Category: Issues in Education

They Remember Who We Are: The Immense Impact of the Individual Classroom Teacher

At the end of this summer, I proudly completed my Master’s degree in Curriculum and Instruction at the University of Wisconsin-Milwaukee. In the culminating weeks of my coursework, I wrote an in-depth literature review on the topic of character education. I was exploring several questions; most prominently, I was seeking a way to sort through the broad spectrum of existing programs, strategies, and beliefs about how schools teach our students to become good citizens in addition to becoming savvy scholars. What strategies are effective? How is that effectiveness measured? How does the complicated history of character education inform our present? Does developing character translate to academic achievement?

As you might imagine, the deeper I dug into those questions, the more complex and conflicting my findings became. On one particular afternoon, feeling overwhelmed at the process of synthesizing and interpreting the research I had read, I resorted to wandering around Golda Meir library. I had this strong sense that, if only I could find the perfect spot in the meandering depths of the stacks, inspiration would flood me and all my struggles would dissipate. Weirdly enough, it happened. It all started with this:

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I moved to a desk below an unassuming plaque mounted to the brick. It’s you and me, Walter Hewitt Cheever, I thought, plunking my bag down on the chair. I started to read the information below the name, and there it was:

Inspirer of high ideals. Molder of character. Teacher and friend.

We loved him.

Walter Hewitt Cheever, whoever he was, taught at UWM from age 38 until his death nearly three decades later. He “served faithfully.” My grandfather wasn’t even born yet when Cheever died, but yet here was I, a teacher from 2016, finishing up my master’s degree in the company of his modest little memorial. What struck me was that nothing of Cheever’s academic discipline or scholarship was mentioned. I don’t know what his subject matter of expertise was, what he published, or what content his students learned. Tears, out of nowhere, started to push at my eyelids as I read the epitaph over again. Love. Ideals. Character. These are the words that Cheever’s students and colleagues decided to put on his plaque, way back at the beginning of the Roaring 20’s. And oddly enough, the story of this piece of metal in the odd corner of the university library mirrors what, to me, were the most fascinating aspects of my research on character education.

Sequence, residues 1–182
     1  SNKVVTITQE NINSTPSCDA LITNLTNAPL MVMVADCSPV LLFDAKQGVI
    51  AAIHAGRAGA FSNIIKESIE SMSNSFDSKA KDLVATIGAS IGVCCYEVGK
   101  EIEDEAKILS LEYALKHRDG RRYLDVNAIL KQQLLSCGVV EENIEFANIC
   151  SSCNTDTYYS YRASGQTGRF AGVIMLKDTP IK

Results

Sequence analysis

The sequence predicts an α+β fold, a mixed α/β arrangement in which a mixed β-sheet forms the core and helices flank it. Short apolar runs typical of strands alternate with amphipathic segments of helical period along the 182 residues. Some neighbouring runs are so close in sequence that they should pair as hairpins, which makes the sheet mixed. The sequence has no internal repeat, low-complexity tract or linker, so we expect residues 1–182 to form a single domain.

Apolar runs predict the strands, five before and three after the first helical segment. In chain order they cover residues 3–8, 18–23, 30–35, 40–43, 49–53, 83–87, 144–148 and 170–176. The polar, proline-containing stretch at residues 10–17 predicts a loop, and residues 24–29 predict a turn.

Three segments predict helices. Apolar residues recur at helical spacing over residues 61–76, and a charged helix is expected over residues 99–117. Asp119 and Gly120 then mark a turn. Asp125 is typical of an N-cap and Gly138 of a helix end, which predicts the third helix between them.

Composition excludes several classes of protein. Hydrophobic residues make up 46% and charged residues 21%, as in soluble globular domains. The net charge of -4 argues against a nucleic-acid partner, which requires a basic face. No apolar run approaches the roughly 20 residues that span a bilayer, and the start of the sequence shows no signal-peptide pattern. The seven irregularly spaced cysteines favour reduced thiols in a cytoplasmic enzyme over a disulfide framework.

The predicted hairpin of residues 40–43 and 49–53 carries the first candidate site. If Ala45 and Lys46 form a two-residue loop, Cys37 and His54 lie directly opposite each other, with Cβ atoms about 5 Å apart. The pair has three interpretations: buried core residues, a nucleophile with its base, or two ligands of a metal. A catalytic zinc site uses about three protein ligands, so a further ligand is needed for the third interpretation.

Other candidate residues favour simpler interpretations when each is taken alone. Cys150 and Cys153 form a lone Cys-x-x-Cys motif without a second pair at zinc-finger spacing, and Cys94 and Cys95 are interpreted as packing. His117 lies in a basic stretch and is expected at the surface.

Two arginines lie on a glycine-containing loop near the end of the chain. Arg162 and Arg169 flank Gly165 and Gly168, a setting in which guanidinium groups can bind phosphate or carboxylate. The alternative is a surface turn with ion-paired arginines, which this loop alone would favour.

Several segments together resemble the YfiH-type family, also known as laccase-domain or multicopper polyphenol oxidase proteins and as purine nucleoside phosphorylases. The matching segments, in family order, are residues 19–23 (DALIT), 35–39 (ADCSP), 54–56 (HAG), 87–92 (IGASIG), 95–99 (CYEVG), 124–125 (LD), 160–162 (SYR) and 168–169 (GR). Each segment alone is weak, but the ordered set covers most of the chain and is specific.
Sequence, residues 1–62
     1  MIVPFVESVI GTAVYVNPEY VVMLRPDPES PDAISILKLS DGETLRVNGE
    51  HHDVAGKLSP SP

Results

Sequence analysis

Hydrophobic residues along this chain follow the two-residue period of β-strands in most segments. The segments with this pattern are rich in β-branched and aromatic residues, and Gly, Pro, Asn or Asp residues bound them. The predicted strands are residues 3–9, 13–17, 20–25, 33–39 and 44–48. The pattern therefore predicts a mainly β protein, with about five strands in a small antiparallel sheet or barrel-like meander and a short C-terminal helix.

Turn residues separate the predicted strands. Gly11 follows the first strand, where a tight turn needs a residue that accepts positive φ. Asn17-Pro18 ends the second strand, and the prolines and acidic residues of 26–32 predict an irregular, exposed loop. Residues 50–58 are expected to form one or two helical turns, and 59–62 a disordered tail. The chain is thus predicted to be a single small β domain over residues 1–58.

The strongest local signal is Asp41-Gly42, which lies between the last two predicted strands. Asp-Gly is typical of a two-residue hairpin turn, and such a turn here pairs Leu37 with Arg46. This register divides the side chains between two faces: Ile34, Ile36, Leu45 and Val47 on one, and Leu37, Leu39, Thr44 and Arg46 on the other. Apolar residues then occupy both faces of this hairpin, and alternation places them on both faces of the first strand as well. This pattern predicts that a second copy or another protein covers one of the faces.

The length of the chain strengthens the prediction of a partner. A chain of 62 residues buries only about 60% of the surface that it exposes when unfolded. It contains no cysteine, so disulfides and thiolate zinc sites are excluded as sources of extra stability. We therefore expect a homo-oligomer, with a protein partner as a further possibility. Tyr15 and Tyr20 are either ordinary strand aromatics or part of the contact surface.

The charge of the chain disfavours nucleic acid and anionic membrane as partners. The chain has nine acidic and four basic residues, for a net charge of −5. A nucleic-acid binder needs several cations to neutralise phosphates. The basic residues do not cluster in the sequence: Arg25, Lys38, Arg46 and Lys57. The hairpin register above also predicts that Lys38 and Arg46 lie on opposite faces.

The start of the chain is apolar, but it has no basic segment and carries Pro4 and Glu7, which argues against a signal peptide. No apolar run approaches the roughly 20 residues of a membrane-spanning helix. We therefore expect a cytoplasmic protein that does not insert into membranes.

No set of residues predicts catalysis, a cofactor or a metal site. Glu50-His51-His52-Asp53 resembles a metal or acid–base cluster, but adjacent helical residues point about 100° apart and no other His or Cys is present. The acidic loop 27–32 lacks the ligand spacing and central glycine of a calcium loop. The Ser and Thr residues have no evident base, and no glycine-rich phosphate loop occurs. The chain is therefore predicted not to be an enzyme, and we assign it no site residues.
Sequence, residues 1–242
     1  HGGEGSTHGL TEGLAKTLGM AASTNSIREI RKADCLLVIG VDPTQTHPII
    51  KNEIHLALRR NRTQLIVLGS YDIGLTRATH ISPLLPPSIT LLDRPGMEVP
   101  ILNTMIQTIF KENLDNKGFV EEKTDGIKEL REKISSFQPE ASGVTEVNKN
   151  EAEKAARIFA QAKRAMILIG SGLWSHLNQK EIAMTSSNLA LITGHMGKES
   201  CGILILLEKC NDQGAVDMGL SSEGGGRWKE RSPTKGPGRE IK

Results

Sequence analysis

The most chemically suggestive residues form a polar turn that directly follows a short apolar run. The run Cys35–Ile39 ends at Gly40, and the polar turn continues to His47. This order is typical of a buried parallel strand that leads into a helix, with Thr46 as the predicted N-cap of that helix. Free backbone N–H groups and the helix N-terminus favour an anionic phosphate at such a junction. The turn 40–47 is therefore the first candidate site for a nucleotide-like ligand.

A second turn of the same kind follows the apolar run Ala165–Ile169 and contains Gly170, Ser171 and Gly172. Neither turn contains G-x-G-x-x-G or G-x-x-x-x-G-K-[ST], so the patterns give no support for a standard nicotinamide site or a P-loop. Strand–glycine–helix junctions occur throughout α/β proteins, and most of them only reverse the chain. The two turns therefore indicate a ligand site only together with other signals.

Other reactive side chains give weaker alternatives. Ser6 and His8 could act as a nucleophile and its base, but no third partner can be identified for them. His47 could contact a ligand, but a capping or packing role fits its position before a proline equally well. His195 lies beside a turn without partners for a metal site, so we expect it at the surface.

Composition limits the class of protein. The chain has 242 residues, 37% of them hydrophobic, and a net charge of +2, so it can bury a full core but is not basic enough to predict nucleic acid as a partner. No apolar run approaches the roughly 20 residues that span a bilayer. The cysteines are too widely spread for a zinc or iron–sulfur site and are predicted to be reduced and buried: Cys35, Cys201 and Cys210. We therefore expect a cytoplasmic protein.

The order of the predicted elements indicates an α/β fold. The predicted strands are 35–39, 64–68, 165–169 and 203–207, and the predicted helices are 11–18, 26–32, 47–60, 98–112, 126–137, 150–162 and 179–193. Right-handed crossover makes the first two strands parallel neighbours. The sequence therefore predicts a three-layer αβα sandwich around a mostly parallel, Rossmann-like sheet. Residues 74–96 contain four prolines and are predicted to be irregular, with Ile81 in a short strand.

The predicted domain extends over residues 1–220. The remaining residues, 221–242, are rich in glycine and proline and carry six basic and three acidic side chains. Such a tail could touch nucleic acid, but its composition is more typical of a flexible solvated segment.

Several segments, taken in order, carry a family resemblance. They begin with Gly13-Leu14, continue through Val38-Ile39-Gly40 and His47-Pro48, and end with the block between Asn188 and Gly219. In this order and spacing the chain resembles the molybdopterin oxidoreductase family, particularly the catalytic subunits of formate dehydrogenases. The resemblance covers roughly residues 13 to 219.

On that day and those that followed, I started to articulate, in writing, everything that I learned about the ways that schools attempt to teach students about things like kindness, leadership, and responsibility. Part of it breaks down to this: the individual classroom teacher has a bigger impact than nearly any other school-based factor–not just on learning, but on the people our students grow up to be.

Here are a few examples of what I’m talking about:

*In 2003, Williams, et.al interviewed students about their feelings regarding a newly implemented character education program at their schools. The responses that the researchers got, however, had little to do with the actual curriculum that the program used. Instead, individual teachers’ behavior and attitudes were consistently mentioned. The questions were about the program, but the answers were about the teachers as role models.

*Also in 2003, another researcher named Richard Weissbourd found that even when schools have been massively restructured in policy or curriculum, students remained largely oblivious to the changes; yet, when questioned about their feelings regarding new initiatives, they typically responded with observations about a specific teacher’s actions or lessons. Again, we see that students interpret individual teachers’ behavior and messages as the voice of their school’s character mission. This puts a lot of moral responsibility on teachers’ shoulders! Weissbourd acknowledged that a special support and training of teachers is needed in order to help character education work: “Schools can best support students’ moral development by helping teachers manage the stresses of their profession and by increasing teachers’ capacity for reflection and empathy” (p. 6).